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My creative work in the last few years has been divided among three areas: scientific research at PSI and at the International Space Science Institute in Bern, Switzerland; my paintings; and my writing. My current science research involves history of surface features on Mars, origin of the moon, and the widely accepted paradigm of a cataclysmic “late heavy bombardment” at 3.9 billion years ago --- a cataclysm that probably never happened. As of 2018, I am on the imaging team of the European Mars Express mission, but relatively inactive due to cuts in NASA support for American participants. My paintings include astronomical scenes (used for magazines, book covers, etc.) and plein air (outdoor, on-site) landscapes, many completed during my international travels. My writing includes 3 college texts in planetary science and astronomy, which each went into 4-6 editions;  popular science books; non-fiction history, and two published novels. Two more novels are in the pipeline. You can explore all these efforts in more detail by clicking on the listings below.




*   SHORT FORMAL Curriculum Vitae (CV)




Astronomical paintings

*   Pictorial Catalog of Paintings Available for Publication

*   Descriptive Catalog of Paintings Available for Publication

*   Gallery of Astronomical Observatories

*   Gallery of Planets and Moons

*   Gallery of Mars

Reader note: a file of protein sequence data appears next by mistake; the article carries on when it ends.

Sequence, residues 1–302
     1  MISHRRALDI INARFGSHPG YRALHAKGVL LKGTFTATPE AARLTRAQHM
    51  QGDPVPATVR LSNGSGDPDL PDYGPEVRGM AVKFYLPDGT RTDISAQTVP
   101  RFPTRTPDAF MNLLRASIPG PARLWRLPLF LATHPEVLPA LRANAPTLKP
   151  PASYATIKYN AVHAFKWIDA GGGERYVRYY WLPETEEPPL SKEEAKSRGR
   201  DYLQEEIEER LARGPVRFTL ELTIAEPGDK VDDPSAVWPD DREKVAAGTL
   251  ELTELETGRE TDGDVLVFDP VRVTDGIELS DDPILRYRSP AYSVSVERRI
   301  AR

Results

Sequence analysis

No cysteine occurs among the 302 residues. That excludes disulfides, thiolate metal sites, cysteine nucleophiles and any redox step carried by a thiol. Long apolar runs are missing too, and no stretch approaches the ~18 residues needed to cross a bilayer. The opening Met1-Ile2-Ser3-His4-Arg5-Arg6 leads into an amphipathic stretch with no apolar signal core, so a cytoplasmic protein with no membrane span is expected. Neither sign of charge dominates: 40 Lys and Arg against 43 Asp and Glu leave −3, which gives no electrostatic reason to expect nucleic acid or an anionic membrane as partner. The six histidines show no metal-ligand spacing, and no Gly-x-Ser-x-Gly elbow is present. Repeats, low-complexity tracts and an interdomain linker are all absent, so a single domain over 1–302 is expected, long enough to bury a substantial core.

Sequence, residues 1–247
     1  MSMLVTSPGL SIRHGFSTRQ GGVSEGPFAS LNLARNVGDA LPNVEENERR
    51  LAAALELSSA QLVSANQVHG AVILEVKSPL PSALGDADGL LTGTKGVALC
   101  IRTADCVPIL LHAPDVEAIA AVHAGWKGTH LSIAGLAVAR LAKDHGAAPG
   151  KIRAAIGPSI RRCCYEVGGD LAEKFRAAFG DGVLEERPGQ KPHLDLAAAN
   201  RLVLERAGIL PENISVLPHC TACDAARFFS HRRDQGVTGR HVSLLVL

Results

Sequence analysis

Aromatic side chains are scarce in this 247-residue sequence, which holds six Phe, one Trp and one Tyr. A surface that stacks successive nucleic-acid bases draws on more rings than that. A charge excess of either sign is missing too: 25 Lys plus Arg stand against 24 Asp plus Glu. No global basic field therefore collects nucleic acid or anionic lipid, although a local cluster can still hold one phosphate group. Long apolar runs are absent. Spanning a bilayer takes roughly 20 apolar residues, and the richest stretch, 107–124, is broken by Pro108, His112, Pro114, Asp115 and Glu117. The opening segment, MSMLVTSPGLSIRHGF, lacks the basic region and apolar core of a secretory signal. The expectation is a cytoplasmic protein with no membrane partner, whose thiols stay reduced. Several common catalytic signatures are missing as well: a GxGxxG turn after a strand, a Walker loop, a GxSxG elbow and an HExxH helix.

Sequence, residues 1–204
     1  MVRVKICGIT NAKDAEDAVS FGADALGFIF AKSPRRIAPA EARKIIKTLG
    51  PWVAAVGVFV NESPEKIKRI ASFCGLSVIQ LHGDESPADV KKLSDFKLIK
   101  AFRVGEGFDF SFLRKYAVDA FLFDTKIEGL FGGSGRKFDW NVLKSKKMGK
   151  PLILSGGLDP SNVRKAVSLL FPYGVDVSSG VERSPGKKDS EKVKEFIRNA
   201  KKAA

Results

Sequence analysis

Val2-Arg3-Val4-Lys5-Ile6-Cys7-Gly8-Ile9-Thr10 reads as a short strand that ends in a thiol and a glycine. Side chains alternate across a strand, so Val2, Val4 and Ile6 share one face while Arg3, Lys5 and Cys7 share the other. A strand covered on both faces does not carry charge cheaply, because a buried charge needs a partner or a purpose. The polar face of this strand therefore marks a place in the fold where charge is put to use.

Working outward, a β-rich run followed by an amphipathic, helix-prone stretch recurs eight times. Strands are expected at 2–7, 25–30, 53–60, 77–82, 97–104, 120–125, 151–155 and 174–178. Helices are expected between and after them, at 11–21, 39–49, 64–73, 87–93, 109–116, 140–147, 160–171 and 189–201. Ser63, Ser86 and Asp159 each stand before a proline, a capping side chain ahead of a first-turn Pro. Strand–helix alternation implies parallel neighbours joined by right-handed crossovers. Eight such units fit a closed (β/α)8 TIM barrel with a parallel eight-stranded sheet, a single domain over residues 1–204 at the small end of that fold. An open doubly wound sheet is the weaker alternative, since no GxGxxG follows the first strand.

*   Gallery of Asteroids and Comets

*   Gallery of Stars and Galaxies

    Terrestrial Landscapes

*   Volcano Gallery

*   Sonoran Desert Gallery

*   Earth: A Travel Gallery

*   Tucson Gallery

*   Arizona and the Southwest: A Travel Gallery

*   Old Mexico Gallery

*   France Gallery

*   Paris Gallery

*   Switzerland Gallery

*   Hawaii Scenic Gallery

*   Hawaii Volcano Gallery

  * Selected Exhibitions






View of Saturn from its satellite, Iapetus.


Hawaii::  Eruption plume of pit crater, Halemaumau, as painted in 2012 from the rim of Kilauea caldera in Hawaii Volcanoes National Park.  This "pit crater" has been active intermittently since it was first known.  

This view shows the "usual" recent, calm eruption with smoke from active lava eruptions on the floor of the pit (out of view here).  The white cloud is mostly water vapor, but as the rising cloud catches t he wind and moves in the distance, the water vapor evaporates, leaving darker, browner fumes and particulate smoke.  Halemaumau attracted global attention in June 2018, when it exploded during eruptions elsewhere on the island, causing closure of the Park.  Since then, most of the walls of the pit, in the central foreground of this view, have collapsed into the pit, dramatically enlarging the crater.  The activity has subsided and the Park reopened in September 2018.  (Copyright William K. Hartmann)


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